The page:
Many of us sit for long periods at work during the day. However, this seemingly safe activity can have more risks than you would imagine. Although sitting requires less energy and effort than many other body positions, your muscles do have to work to keep you upright. Over time these muscles fatigue and tire. When the muscles become tire, force that the muscles normally would carry is placed on the joints and ligaments.
There is a tendency to adopt body positions that place more strain on the joints and ligaments rather than the muscle as the ligaments don’t require effort to maintain their position. This may make it seem as though there is less weight. However, the forces and strain are still there, but have moved from the muscles to the joints and ligaments. Over time this can cause ligaments to stretch and lengthen in a process called creep. When ligaments are stretched and lengthened to the point where they cannot return to their normal length, this is called plastic deformation.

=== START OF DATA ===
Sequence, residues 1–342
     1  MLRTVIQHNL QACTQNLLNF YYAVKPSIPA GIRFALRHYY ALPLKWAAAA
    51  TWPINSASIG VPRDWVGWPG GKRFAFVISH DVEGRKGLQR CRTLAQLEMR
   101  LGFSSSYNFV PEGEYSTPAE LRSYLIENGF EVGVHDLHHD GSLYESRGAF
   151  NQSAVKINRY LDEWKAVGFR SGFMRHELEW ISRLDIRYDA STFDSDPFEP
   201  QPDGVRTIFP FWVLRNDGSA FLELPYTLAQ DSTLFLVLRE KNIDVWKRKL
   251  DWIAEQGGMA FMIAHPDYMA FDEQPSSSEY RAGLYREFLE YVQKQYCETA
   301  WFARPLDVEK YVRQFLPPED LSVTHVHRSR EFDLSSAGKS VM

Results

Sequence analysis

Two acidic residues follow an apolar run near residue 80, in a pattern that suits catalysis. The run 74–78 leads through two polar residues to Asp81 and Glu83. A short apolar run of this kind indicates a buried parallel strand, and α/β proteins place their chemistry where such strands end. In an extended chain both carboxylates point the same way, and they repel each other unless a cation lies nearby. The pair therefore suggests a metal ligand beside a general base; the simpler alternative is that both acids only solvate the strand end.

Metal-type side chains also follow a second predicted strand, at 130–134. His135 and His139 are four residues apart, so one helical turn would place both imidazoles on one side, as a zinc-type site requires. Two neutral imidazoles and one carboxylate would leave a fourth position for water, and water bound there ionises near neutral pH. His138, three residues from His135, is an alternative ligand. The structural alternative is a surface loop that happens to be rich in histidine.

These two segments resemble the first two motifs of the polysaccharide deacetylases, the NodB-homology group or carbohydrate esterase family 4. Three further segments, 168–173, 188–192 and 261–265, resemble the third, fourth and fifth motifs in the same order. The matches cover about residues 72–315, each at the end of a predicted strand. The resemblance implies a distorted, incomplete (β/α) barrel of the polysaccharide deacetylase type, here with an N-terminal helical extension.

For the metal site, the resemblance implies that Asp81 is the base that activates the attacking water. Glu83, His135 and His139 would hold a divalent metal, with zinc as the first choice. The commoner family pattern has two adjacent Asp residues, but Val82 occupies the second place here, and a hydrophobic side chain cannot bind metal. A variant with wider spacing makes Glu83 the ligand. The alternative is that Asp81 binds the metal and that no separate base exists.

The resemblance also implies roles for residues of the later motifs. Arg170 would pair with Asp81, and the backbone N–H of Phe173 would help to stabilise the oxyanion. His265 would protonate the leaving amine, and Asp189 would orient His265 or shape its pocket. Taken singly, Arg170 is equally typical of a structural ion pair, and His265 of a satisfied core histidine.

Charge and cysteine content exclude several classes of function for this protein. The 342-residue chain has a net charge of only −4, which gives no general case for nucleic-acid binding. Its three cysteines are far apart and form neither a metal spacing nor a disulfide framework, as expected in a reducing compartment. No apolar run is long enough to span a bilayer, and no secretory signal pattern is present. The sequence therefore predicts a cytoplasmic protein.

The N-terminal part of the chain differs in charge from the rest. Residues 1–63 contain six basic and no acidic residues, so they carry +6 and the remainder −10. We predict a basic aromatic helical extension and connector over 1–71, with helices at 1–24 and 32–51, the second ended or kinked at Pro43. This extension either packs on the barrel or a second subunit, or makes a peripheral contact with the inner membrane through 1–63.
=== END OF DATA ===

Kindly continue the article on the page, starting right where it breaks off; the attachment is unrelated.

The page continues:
Frequent prolonged sitting can cause the muscles that maintain a seated posture to contract and shorten, and the muscles that counteract or produce the opposite motion to stretch and lengthen. Common muscles that can contract and shorten when sitting for prolonged periods include the pectorals, upper trapezius, thoracolumbar extensors, and iliopsoas. Common muscles that can stretch and lengthen include the serratus anterior, gluteals, and abdominals.
Over time extended sitting often leads to a posture with the head forward, shoulders rolled forward and hiked up, and back rounded.
Over time this can affect the muscles function in other body positions and activities such as walking. Shortening and lengthening of muscles can lead to a head forward posture and shoulders rolled forward when walking or standing.
There are things that can be done at home and work to minimize the damaging effects of prolonged sitting. It is good to make a habit of taking regular breaks to rest the postural muscles and stretch to mitigate risk of having conditions such as "frozen shoulder." Sit-stand desks allow you to change positions and give your body a rest from the strain of sitting. Correct positioning of a desk or computer workstation can help to avoid work injuries such as strain on the neck and back and hunched forward posture.
Chiropractic care is an effective way to treat the effects of prolonged sitting and the hunched forward posture that may result. Contact our Chiropractor in Aloha / Beaverton, OR or SE Portland, OR if you are suffering from back pain and strain associated with prolonged sitting at work or home.